The Constitutional Court in Togo has confirmed Faure Gnassingbe as the winner of last month's disputed presidential election.
Thousands have fled Togo since the election
Mr Faure succeeds his late father, long-time president Gnassingbe Eyadema.
The court rejected an opposition appeal that the election had been rigged, saying it had "no substance".
The provisional declaration of Mr Faure's victory last week sparked days of riots but the capital, Lome, was reportedly calm overnight.
"The court proclaims Faure Gnassingbe elected president of the republic," said court chairman Atsou-Koffi Amegah.
Opposition leader Gilchrist Olympio told the BBC that he rejected the court's ruling and said his party would not join a transitional government, as urged by West African regional grouping Ecowas.
An Ecowas observer told the BBC on Wednesday that he saw "irregularities" during the polling.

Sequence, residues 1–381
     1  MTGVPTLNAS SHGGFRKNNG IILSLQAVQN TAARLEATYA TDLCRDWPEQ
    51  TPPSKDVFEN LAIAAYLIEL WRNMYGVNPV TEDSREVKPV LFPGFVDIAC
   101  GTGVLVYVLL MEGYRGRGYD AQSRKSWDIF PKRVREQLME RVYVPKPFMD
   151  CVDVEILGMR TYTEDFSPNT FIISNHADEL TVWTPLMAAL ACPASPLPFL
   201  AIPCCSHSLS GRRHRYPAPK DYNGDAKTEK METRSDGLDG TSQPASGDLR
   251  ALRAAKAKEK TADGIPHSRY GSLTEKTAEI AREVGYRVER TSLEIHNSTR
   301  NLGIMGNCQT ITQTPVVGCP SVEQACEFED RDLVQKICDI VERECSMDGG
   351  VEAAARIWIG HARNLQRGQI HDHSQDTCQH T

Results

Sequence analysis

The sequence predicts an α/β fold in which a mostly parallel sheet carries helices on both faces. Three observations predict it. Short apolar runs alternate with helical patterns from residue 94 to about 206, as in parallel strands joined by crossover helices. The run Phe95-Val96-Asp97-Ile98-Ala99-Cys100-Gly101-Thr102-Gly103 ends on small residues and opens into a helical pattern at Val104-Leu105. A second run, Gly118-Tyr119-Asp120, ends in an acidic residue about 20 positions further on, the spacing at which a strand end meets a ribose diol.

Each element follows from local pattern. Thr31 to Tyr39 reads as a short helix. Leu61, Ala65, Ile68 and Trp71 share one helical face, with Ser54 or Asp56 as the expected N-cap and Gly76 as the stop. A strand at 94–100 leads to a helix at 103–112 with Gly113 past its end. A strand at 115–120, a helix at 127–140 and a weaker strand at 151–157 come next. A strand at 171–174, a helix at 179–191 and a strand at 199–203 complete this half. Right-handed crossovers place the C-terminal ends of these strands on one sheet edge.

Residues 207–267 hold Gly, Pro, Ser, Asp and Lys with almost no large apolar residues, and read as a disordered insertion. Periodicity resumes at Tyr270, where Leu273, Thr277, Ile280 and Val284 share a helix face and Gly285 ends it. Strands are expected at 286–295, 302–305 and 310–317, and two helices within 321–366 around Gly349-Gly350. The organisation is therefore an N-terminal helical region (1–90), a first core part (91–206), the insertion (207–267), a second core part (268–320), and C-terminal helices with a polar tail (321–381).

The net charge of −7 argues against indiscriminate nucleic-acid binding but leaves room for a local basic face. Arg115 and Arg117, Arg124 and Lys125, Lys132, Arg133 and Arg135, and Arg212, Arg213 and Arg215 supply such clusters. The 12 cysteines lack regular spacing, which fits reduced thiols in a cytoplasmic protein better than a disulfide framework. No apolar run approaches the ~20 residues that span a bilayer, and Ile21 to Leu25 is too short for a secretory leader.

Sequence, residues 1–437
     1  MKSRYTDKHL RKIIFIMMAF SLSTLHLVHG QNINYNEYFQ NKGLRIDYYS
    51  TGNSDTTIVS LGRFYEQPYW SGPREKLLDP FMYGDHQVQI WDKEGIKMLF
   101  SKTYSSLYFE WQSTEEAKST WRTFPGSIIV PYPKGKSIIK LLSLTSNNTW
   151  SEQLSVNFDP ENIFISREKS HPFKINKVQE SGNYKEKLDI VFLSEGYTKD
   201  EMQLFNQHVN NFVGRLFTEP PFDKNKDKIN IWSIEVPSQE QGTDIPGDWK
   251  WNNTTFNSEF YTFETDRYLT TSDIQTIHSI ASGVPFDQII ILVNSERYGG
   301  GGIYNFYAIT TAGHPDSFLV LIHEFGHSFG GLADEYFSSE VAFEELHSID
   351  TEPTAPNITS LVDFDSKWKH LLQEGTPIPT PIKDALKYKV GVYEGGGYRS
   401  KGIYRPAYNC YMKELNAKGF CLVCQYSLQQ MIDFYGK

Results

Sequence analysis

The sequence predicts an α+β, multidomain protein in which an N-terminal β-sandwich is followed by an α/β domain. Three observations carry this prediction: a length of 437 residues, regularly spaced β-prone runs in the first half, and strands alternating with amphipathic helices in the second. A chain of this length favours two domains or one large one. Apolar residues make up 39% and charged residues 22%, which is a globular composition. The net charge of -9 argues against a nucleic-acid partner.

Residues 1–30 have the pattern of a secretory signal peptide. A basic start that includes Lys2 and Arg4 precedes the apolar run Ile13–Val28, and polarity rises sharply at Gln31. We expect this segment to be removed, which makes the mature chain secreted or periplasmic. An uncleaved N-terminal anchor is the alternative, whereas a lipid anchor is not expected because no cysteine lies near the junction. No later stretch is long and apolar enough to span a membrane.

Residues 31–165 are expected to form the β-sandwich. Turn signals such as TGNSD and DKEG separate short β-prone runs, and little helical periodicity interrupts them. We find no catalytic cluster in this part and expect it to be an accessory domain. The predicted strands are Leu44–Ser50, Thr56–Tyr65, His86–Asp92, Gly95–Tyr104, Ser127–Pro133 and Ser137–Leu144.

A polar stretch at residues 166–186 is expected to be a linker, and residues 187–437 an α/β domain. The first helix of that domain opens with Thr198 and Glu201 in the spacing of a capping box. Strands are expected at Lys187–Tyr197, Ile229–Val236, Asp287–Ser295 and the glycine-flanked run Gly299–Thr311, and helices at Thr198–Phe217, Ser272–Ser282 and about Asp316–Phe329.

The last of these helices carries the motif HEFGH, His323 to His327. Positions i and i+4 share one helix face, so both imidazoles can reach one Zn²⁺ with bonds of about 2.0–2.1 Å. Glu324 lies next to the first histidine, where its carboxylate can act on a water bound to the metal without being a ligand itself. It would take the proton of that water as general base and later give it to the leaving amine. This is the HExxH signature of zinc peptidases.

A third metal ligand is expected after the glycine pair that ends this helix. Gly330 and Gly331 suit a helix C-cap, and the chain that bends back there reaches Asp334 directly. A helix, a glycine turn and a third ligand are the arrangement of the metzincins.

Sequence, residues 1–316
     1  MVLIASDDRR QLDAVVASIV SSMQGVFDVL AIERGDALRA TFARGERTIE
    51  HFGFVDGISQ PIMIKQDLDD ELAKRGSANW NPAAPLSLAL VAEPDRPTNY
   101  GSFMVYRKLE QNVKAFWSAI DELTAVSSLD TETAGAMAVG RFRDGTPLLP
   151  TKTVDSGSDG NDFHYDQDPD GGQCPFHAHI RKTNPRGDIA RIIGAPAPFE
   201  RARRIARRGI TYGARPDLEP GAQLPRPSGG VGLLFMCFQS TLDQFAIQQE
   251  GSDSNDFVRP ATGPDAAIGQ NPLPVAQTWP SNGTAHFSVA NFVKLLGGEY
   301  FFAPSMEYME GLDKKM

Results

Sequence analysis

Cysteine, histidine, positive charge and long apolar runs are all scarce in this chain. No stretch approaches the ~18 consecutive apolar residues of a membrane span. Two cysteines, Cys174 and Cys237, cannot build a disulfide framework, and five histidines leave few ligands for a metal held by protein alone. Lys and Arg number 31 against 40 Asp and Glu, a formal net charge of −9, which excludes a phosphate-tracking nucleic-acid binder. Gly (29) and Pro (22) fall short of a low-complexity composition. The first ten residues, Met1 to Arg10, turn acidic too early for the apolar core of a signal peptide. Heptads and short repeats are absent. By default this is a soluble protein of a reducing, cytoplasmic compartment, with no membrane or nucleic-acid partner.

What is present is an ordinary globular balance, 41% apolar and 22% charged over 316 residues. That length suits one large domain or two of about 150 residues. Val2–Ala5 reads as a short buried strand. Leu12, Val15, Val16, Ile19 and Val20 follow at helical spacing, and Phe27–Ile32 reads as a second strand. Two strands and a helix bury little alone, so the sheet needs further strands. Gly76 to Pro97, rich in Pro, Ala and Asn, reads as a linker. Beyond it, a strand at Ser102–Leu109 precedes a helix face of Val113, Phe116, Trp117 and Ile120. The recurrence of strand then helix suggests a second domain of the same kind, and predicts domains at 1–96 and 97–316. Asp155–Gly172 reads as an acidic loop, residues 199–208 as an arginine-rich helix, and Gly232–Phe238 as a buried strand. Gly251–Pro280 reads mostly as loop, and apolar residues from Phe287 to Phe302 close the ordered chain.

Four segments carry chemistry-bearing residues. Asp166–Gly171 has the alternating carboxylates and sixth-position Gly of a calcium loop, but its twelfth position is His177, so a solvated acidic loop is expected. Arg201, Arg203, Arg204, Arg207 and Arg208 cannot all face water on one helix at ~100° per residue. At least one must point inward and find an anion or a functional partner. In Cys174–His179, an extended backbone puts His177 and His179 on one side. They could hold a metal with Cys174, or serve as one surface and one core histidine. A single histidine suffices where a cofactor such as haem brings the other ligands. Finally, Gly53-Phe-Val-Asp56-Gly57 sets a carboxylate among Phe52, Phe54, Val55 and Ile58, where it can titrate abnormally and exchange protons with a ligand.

Martin Assogba said that in one polling station in the northern stronghold of the winner, more ballots were cast than there were registered voters.
However, the official Ecowas delegation says the elections were broadly free and fair, despite a few isolated problems.
Mr Faure has denied the elections were rigged
Thousands of people have fled Togo for neighbouring Benin and Ghana as a result of the political violence since the election.
At least 22 people died in unrest, mostly in opposition areas of Lome.
Mr Faure's inauguration could be as soon as Wednesday.
He was initially sworn in as leader in February, following his father's death but strong pressure from Ecowas led him to step down and contest elections.